I pretend that I am content
A LONG JUMPER ... entering the discus ring? Yep. Time to whirl and explode, unleashing all the power she's been building in that dungeon of a weight room, that cramped, dank socket that was left when the stage was torn out at one end of the basketball gym built by a Works Project Administration crew back in '38. That subterranean cell where the rain seeps through the sandstone, the puddles gather, the mud oozes and the rust corrodes the few sorry pieces of equipment.
Bonnie's favorite place in the whole school.
No one, till a month ago, taught her the correct technique for throwing the discus, got her to start turning 1½ circles in the ring before she let it fly, but that's no reason to feel good about that 121-footer arcing across the Texas sky, no justification for that eruption of hurrahs from her family and friends. Take a chill pill, people. Calm down. Geez, hyper people annoy her to no end.
She places third. That's six more points to go with the eight she got in the long jump in the 10-8-6-4-2-1 scoring format applied to the 14 individual events. God, she could just strangle her two older sisters, Lee and Adele, cooing at her to smile on the award stand while the winner and runner-up beam.
I touch true happiness in my imagination
MAYBE IT'S too open, too blank, the land Bonnie arose from. Maybe the mind can't hold that much possibility and needs to erect fences, retract horizons, hem in what always has been. Now Bonnie's being introduced for the high jump, and the crowd starts to notice: Hey, isn't that the same girl we saw in the long jump and the discus? Now's when some folks, during her regular-season meets in little towns that pock the Texas rangeland, call out, "You think you're so good! Why don't you stop showing off?" Or, "Are you sure she's a girl? She doesn't look like a girl." Folks uncertain where, in the corrals they've created, to place a powerful and ferocious female, a warrior.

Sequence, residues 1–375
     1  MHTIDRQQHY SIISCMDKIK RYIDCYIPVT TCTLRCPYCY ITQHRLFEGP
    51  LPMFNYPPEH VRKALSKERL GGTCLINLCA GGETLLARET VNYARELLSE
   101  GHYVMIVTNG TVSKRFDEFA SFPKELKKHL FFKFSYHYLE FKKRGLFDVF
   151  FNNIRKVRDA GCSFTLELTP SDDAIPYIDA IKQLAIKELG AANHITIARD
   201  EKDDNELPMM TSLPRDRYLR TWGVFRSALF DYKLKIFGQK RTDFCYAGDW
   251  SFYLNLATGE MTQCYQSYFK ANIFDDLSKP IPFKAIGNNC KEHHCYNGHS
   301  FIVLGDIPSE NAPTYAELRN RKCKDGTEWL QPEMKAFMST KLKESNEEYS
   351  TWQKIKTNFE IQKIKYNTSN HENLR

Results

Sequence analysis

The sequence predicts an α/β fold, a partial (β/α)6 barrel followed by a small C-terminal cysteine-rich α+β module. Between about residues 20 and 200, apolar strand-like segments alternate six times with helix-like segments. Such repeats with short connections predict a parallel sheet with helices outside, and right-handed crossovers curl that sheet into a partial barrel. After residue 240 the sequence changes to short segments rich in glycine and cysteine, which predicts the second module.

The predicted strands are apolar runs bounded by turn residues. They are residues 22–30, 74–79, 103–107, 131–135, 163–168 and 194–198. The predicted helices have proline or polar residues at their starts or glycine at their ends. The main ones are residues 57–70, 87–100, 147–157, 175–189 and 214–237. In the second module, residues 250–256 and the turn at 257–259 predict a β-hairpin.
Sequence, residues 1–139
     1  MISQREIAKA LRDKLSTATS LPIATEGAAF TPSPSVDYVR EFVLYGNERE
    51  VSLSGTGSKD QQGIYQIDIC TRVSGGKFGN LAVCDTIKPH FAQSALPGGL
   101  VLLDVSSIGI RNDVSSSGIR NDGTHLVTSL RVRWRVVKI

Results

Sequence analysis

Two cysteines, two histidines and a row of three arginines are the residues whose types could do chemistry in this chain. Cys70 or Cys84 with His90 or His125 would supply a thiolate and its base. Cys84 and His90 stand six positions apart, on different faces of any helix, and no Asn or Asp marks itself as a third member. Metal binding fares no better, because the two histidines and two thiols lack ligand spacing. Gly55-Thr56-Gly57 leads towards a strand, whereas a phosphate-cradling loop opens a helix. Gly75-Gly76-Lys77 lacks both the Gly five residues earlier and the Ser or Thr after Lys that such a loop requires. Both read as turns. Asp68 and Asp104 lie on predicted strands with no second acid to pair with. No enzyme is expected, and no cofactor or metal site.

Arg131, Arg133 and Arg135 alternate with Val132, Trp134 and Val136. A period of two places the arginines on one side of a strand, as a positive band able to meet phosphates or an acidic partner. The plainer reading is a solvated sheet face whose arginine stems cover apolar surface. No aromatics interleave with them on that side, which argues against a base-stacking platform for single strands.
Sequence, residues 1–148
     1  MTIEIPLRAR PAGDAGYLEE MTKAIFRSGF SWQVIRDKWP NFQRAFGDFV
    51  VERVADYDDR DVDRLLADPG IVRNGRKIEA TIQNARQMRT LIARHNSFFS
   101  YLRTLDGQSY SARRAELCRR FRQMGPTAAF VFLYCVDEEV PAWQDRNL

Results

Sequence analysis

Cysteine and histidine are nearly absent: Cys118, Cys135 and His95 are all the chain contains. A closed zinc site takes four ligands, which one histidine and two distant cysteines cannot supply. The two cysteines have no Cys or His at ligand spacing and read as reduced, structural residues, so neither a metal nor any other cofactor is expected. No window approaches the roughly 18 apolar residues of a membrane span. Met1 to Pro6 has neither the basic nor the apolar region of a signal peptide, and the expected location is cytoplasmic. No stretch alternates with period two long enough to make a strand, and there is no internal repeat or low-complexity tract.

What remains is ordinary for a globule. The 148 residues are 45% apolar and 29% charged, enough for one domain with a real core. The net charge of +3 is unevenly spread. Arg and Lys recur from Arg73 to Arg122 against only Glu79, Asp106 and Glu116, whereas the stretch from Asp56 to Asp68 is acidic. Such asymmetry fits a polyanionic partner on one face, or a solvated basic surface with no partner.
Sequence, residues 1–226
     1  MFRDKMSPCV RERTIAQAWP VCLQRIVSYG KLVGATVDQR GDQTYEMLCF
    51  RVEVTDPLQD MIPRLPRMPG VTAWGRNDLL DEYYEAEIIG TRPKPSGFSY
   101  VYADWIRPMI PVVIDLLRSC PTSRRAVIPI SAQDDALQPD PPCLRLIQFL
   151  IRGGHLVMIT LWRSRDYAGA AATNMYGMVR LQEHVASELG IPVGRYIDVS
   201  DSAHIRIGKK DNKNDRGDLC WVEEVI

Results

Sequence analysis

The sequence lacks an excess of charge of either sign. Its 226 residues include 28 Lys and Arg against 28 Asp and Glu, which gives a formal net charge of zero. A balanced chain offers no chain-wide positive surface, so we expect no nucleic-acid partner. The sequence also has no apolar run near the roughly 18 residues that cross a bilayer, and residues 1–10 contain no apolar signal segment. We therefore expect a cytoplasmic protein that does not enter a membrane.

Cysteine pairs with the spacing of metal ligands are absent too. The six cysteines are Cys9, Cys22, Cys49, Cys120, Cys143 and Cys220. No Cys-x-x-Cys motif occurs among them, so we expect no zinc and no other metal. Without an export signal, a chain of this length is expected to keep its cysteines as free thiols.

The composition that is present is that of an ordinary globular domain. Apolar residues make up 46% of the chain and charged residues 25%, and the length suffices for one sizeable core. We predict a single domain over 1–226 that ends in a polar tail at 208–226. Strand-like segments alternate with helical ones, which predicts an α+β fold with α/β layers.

It's worse at her basketball games, where Bonnie—an all-state post player who just led the Hornets to the Texas semifinals—outleaps or outmuscles everyone for a rebound, steps over opponents who have fallen, outraces everyone the length of the court to score and outraces them all back to swat away their shots. "Having Bonnie in the paint," observes Lee, "is like having Shamu in your bathtub."
Monster, one opponent called her. Sasquatch, fans hollered. Bigfoot. It. "They're putting a man out there!" some people howled. "Can we get a cup check on that one?" She'd roll her eyes, respond under her breath with that bone-dry humor she picked up during all those years of apprenticing under Lee, the master, and then set her jaw and just play fiercer. But it had to hurt.
In elementary school she loved being the swiftest, strongest, tallest. Then came braces and big feet and puberty, the growing consciousness of self, the small minds and maybe even the stiletto tongue of Lee. Bonnie began to downplay everything she did, cut it down to size before anyone else could, stack it in neat cords to feed her raging furnace. Seemed to work.